Thursday, May 17, 2007
Donovan would earn roughly $3.5 million per season
By Mark Schlabach ESPN.com
Florida basketball coach Billy Donovan, who led the Gators to back-to-back national championships this past season and then turned down a lucrative offer to become Kentucky's coach, is close to signing a seven-year contract extension with the Gators that will pay him an average of more than $3.5 million per season, sources close to the situation said Thursday.
The new contract, which Donovan hasn't yet signed, will pay the coach around $3 million the first year. The contract then escalates to more than $3.75 in guaranteed income by the end of the contract in 2013-14, a person familiar with the negotiations said.
The deal also includes several performance-based incentives that could make the deal worth as much as $4 million per season by the end of the contract.
Billy Donovan, who led UF to back-to-back NCAA titles, will be rewarded for his coaching efforts.
A source said Donovan, one of only 12 college basketball coaches to win multiple national championships, could sign the contract "in a couple of days, or a couple of weeks."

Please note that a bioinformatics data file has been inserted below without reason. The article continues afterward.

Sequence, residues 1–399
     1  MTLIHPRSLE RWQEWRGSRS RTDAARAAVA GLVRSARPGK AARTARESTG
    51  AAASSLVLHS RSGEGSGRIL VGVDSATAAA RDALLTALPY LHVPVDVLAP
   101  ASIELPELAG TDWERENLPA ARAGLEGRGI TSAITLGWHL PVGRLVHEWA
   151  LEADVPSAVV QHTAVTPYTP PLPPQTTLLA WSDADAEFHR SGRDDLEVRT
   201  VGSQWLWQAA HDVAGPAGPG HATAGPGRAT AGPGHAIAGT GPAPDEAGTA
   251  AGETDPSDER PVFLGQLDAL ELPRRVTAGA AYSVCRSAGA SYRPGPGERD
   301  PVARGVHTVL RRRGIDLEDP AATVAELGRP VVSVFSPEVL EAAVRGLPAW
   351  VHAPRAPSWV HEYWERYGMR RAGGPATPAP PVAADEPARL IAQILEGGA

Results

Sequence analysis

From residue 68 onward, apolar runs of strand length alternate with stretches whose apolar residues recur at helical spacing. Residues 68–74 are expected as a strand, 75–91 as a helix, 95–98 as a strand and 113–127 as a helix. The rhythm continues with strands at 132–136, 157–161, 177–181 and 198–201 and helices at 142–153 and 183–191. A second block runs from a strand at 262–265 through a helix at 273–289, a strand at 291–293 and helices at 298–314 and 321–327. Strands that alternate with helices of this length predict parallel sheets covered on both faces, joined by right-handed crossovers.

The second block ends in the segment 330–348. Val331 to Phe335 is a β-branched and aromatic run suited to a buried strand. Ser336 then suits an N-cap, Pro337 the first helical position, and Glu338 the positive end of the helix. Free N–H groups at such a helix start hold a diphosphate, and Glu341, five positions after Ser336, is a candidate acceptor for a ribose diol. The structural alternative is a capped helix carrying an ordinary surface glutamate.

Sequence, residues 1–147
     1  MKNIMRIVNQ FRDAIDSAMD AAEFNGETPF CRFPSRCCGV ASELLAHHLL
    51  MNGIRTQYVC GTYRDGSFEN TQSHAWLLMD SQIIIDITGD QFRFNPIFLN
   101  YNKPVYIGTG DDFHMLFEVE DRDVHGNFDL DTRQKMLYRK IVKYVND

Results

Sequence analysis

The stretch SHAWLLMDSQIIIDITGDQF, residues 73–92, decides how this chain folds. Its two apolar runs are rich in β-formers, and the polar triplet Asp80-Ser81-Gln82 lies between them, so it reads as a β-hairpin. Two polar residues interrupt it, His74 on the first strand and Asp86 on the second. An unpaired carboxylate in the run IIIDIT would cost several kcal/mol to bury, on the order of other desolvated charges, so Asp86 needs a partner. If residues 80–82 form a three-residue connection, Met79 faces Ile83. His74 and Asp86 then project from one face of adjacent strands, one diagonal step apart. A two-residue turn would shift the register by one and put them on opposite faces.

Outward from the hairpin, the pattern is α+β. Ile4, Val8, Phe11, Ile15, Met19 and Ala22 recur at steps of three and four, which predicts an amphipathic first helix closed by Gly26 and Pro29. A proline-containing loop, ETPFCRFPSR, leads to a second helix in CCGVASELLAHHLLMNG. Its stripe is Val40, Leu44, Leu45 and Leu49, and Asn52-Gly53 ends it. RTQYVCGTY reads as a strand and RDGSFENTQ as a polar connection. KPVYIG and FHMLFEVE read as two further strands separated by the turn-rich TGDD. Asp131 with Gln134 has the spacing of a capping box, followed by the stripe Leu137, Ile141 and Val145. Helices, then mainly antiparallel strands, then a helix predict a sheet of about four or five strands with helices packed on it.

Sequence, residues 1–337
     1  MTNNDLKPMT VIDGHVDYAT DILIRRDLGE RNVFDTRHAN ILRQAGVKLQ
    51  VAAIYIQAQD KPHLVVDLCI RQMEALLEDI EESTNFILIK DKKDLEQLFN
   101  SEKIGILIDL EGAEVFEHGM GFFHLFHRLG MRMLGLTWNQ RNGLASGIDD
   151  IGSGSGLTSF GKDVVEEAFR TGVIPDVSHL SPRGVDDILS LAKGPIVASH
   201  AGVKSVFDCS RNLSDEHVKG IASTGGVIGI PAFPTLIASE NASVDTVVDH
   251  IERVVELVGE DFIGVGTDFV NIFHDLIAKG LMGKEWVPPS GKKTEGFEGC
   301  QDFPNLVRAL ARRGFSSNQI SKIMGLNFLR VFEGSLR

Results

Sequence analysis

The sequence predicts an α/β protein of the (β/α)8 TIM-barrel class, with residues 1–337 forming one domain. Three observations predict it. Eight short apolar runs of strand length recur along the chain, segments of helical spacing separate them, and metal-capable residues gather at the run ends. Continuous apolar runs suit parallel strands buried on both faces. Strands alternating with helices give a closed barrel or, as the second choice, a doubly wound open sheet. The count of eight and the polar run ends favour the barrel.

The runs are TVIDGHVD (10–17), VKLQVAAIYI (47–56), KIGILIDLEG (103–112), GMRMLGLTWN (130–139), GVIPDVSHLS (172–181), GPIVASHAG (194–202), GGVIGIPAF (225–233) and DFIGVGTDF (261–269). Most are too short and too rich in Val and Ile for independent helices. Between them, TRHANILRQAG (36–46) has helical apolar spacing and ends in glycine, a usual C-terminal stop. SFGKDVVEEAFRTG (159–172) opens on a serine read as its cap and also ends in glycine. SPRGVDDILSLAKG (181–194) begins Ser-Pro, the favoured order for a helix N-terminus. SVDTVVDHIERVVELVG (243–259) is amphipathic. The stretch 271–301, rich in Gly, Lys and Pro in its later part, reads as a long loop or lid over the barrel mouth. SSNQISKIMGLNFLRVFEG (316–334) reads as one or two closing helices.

It is believed the contract would make Donovan the highest-paid coach in college basketball history, at least in terms of guaranteed money. Duke's Mike Kryzezewski, whose contract isn't privy to state open record laws because Duke is a private institution, is believed to make about $3 million, much of which is generated by outside endorsements. North Carolina's Roy Williams on Thursday received a four-year contract extension that will pay him $1.8 million per season, plus incentives. Williams' total package is believed to be about $3 million.
Donovan, who has a 261-103 record in 11 seasons at Florida, has five years left on a contract that pays him about $1.8 million per season. After the Gators won their first national championship in basketball in 2006, Donovan agreed to an extension that would have paid him about $2.5 million per season. But he delayed signing the new contract after his team's four sophomores -- forwards Joakim Noah, Al Horford and Corey Brewer and guard Taurean Green -- each decided to return for the 2006-07 season and delay entering the NBA draft.
Then the Gators beat Ohio State 84-75 on April 2, becoming the first team to win consecutive national titles since Duke in 1991 and 1992 and the first ever to win back-to-back titles with the same starting five.
Kentucky quickly contacted Donovan about replacing Tubby Smith, who left for Minnesota. But Donovan, a former Wildcats assistant under Rick Pitino, turned down Kentucky's offer and chose to remain at Florida.
Florida loses each of its junior starters and senior guard Lee Humphrey, along with assistant head coach Donnie Jones, who was named coach at Marshall.